Months To Years Spring 2018 Months To Years Spring 2018 - Page 56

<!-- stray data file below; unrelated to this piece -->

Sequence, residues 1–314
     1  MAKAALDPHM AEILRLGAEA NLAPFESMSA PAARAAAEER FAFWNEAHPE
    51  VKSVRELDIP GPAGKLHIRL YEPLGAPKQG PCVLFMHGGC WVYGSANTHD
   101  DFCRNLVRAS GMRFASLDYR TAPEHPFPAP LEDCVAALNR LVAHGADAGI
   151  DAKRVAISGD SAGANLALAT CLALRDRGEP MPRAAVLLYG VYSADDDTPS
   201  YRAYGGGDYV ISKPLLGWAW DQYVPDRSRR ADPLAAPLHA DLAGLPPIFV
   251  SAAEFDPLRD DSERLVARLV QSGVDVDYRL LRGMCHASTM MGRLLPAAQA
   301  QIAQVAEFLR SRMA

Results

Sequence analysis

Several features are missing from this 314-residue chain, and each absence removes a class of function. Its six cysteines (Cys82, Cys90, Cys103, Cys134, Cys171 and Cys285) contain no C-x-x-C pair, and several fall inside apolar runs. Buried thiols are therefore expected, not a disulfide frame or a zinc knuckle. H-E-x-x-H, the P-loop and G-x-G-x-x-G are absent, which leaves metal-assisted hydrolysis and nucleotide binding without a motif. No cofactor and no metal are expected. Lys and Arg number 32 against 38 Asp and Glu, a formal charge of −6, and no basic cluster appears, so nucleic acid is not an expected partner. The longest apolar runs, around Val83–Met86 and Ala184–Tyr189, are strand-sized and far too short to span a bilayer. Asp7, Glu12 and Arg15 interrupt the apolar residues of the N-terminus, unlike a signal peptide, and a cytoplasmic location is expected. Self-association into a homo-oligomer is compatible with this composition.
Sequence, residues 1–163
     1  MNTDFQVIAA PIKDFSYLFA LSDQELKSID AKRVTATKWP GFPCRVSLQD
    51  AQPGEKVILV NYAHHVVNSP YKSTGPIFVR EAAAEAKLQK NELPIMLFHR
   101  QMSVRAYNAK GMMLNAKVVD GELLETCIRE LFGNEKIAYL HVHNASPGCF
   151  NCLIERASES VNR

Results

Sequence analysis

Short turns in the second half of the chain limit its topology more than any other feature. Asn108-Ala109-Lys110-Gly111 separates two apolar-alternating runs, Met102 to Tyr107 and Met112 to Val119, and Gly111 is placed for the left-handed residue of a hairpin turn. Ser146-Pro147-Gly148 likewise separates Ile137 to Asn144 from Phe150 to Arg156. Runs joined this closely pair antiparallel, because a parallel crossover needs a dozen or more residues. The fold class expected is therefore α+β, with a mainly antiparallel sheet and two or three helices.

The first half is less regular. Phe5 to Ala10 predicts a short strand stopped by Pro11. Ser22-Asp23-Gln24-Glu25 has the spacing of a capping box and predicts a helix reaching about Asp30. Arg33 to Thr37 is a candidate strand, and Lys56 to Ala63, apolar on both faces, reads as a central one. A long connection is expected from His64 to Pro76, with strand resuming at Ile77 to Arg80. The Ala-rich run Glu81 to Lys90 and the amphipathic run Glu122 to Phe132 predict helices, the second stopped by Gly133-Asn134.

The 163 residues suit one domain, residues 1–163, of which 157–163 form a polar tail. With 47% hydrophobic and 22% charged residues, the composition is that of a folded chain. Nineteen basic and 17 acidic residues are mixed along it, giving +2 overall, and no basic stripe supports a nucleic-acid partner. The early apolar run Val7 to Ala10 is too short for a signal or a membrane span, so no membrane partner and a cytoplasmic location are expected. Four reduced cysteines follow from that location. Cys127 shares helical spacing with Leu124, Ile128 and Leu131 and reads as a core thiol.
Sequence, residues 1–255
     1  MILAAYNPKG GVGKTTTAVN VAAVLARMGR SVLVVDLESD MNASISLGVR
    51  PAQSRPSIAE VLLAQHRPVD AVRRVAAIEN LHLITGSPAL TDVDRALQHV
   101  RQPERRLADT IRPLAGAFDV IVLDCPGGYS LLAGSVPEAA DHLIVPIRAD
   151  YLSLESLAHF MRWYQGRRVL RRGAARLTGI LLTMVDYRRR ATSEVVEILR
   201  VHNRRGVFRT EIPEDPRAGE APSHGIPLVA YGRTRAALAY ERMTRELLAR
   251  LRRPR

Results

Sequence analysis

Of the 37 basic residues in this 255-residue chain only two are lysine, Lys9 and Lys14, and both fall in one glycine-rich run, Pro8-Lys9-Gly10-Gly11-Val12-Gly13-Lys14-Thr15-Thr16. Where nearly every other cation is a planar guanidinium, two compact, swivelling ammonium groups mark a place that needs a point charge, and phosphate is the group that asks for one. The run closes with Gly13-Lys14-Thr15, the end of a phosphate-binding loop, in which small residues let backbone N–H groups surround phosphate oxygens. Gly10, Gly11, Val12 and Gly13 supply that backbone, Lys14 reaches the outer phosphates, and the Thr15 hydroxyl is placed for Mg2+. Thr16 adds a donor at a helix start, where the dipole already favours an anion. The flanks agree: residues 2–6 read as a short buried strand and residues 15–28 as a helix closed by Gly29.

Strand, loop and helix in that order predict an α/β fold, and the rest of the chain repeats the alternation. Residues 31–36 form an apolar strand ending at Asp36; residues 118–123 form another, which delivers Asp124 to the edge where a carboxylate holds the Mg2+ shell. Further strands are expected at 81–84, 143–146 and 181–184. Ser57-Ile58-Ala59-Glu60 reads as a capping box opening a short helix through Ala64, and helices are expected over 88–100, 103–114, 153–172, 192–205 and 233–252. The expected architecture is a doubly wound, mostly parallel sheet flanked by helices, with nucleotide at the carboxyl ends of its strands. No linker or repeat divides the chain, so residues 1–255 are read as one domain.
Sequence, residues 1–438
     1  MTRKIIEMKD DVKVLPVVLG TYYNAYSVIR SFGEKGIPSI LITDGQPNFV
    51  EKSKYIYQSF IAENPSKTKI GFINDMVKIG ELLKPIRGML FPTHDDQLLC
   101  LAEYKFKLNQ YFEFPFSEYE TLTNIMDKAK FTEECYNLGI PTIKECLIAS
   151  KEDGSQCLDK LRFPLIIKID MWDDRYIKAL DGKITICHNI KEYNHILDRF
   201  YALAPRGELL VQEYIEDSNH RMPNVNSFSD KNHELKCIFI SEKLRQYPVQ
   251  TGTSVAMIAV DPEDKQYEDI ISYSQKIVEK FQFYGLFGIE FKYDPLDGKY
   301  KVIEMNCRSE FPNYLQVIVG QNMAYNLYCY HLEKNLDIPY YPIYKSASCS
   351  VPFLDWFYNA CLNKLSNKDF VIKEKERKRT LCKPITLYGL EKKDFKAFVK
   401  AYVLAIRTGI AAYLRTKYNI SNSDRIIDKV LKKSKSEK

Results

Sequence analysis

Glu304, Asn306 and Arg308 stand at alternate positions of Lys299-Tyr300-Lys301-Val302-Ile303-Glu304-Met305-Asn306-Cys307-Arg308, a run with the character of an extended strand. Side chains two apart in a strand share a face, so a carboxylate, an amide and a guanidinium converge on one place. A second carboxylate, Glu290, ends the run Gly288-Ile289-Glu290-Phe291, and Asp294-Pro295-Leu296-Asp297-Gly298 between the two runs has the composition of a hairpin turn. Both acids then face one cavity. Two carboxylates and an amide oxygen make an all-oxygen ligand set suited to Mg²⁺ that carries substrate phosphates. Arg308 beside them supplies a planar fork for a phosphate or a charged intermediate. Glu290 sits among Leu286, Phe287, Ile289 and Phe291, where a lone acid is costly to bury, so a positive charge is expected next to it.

Over coffee, she told me she lived in a small town about management of non-profit organizations, especially an hour from the city and caught a ride each day with her those helping abused women and children. My area was uncle. advising companies listed on stock exchanges. Our work An hour later, as we settled into my car, I was surprised when she gave me an address in the city. My heart was set on the added time that driving her home outside of the city would have given me with her. “I’ve arranged to stay with a family friend the nights we curl,” she explained. For the next few weeks after curling, Judi allowed me to drive her to the friend’s apartment. She insisted I drop her out front. I kept hoping for time to get closer to her, but that wasn’t on her agenda just then. I learned later that her mother was a widow and as the eldest of seven children Judi’s earnings were important to the family’s fi- nances. One day she allowed me to pick her up and drive her to the curling game in addition to driving her home. A few weeks later, she asked me for a ride home and to then come inside to meet her mother and six younger siblings. While munching on cookies and coffee, Judi’s sisters looked at me like an unwelcome alien. But her only brother, Terry, at six the youngest sibling, made no effort to conceal his excitement at his big sister bringing home a male friend. Her mother was cautiously cordial, understandably. After more of our drives and visits, eventually there came an invitation to stay the weekend. But I noticed what seemed to be an ulterior motive: gaining my help with overdue home repairs that had accumulated in the de- cade since her father had died. I jumped at the chance! It often took us out of the office. We’d leave messages on Post-It notes stuck to each other’s computer. We always signed them, “ILY” (“I Love You”). One day a student intern walked into my office with a Post-It stuck to her left index finger. “I found this on the floor beside Judi’s chair,” she said, waving it. “Who’s ILY?” Besides our lovebird ways, Judi had become a firebrand advocate of support for abused women and children She was awarded the Canada 125 Confederation Medal for her achievements to society and was one of the few in Canada to receive the Queen Elizabeth Golden Jubilee Medal for the same reason. Although these high honors came during our years in business together, she quietly refused to include these in any company promotional material. She insisted that her focus was on bringing help to others, not on winning awards. As our three daughters became amazing and indepen- dent young women, we looked forward to retirement. Our preparations for retirement included a summer place on a mountain lake in western Canada. We loved observing wildlife, especially Great Blue Herons, from the deck. The majestic birds arrived almost daily to feed on minnows in a cove below our deck. They became our mascot. “Our 30th anniversary is coming up, honey,” Judi said one day. Let’s do something really different.” meant a legitimate reason to spend more time with Judi. “What do you suggest?” I asked. Years later, Judi confessed she had another ulterior motive. “Why don’t we commission a painting of blue herons?” She thought it a good idea for her mom and her siblings to get to know me. I had no idea at the time—but Judi had decided she was going to marry me. But no one knew this yet except for her. It was a year later that I asked her. The years sped by. In our last ten working years we were partners in a small company that supplied two kinds of consulting services. Judi had become an expert in the 56 A week before our anniversary we picked up the water- color, a pair of nesting blue herons. The artist rolled it carefully into a mailing tube, which we placed in a closet. There it remained as 30 years edged toward 35. One day, I secretly got our prized watercolor framed. On our 35th anniversary as J ՑѕɕѡɽѡЁٕ)͡ͅ܁ѡɅѥٔȁ'eչ)́ɱȸ